I hope these thoughts may be of some help.

RE: Asphalt/bitumen

25362, thanks for your excellent advise and information which is extremely useful. (a star awarded!)
Temperature, as you point out, is one of the keys to online process viscosity measurement and is one reason why the process capillary has survived for over 40 years while many newer tehnologies have failed; the capillary and the temperature bath compliment each other. Attempts with other technologies to use a temperature bath have largely failed. I know Sofraser have introduced their vibrating element technology in a temperature bath, but i have no actual knowledge of how well it peorms.
There are other factors, of course. To use heat exchangers is a problem because of the problem of sustaining the temperature stable enough, though this problem was resolved using a dynamic mixing system (blending hot and cold sample streams and adjusting the ratio to maintain the temperature; a method devised by Mark Shelley of Fluor Daniel and described in a paper at the Texas A&M Instrument 2000 symposium)which could, potentially, open the door to a number of technologies using these "direct" methods.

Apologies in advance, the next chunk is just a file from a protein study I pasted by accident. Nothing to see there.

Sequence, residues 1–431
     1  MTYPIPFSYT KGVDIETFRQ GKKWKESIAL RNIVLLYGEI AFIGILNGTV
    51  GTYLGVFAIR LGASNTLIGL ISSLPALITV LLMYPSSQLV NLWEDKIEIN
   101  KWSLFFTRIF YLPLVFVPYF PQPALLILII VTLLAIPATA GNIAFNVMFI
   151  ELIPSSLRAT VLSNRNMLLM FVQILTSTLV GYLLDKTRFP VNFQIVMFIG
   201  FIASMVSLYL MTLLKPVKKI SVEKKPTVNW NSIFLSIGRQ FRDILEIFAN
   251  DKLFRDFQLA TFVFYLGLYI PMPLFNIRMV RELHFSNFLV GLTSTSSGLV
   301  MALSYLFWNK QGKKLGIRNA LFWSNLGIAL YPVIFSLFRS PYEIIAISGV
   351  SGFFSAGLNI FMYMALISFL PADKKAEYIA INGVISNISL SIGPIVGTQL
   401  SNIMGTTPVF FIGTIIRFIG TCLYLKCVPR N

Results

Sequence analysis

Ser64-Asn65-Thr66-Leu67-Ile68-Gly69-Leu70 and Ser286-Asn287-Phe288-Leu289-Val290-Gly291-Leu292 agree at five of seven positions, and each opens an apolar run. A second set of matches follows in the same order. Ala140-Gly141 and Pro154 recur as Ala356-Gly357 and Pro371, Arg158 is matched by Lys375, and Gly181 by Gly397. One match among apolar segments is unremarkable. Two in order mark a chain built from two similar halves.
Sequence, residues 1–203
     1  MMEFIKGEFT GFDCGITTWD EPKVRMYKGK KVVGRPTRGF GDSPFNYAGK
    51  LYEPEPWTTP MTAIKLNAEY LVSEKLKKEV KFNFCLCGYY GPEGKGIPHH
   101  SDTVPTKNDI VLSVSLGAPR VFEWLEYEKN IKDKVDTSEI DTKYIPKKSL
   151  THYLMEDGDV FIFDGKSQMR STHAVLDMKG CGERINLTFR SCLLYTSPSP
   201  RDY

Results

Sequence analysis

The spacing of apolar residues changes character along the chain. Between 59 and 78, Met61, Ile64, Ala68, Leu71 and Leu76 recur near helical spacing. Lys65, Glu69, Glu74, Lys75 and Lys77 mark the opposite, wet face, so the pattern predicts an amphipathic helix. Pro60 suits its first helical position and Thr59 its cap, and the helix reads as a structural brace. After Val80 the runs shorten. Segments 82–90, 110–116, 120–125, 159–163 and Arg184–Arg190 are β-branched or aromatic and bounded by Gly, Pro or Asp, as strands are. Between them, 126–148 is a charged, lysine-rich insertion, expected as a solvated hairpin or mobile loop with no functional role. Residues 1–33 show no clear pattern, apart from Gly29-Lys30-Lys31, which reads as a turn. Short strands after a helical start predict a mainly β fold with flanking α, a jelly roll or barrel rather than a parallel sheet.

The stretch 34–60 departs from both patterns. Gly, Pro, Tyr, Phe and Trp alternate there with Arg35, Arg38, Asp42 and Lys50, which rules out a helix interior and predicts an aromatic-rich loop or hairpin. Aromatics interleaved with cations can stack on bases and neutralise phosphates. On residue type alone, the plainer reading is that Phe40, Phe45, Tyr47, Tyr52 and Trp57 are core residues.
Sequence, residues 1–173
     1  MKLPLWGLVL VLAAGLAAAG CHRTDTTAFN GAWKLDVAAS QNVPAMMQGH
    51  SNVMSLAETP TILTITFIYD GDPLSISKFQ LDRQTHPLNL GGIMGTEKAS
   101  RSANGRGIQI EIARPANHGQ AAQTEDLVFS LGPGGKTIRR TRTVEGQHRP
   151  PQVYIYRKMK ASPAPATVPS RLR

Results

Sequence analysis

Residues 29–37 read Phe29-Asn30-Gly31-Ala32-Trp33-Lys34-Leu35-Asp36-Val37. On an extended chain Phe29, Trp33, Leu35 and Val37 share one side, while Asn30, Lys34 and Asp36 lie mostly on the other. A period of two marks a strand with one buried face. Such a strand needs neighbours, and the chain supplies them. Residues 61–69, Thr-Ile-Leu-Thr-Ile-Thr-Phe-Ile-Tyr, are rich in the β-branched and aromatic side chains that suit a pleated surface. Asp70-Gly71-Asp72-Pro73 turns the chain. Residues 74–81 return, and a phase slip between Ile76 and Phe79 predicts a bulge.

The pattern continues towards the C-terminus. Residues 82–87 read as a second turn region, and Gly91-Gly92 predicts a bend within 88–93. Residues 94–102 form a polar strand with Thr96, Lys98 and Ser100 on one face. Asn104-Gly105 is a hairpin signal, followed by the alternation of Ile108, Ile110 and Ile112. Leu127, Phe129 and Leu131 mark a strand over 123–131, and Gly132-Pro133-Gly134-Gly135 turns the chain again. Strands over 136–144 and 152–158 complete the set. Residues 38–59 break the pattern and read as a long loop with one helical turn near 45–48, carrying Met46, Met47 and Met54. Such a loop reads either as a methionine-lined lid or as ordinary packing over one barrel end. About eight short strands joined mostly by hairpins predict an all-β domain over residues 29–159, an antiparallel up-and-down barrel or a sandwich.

My choice is a vibrating fork viscosity transducer which i have worked with for many years. Also, i don't look for stable temperatures, just that they don't vary to quickly. Using two viscosity transducers, the actual temperature of measurement doesn't matter, just that it is accurately known and doesn't vary too fast. The ASTM D341 equation allows "indirect" (calculation) methods to be extremely effective if used with a viscosity sensor which is very responsive and very accurate, otherwise the direct method (control the temperature to the reference temperature) is appropriate.
Successful measurement is more than the sensor, the method of determining the reference temerature viscosity, and more than a good installation. It also depends on the nature of the fluids and the best use of the laboratories. Using the fork sensor systems equal or beter in performance than the process capillary are possible, and are successful in applications where the process capillary cannot be used, such as bitumens, tars, vacuum residues, quench oils (in ethylene cracker applications), bitumens and asphalts, heavy fuel oils and so on. However, each application must be investigated with care in order to design the system properly and never to assume that one application is just like another.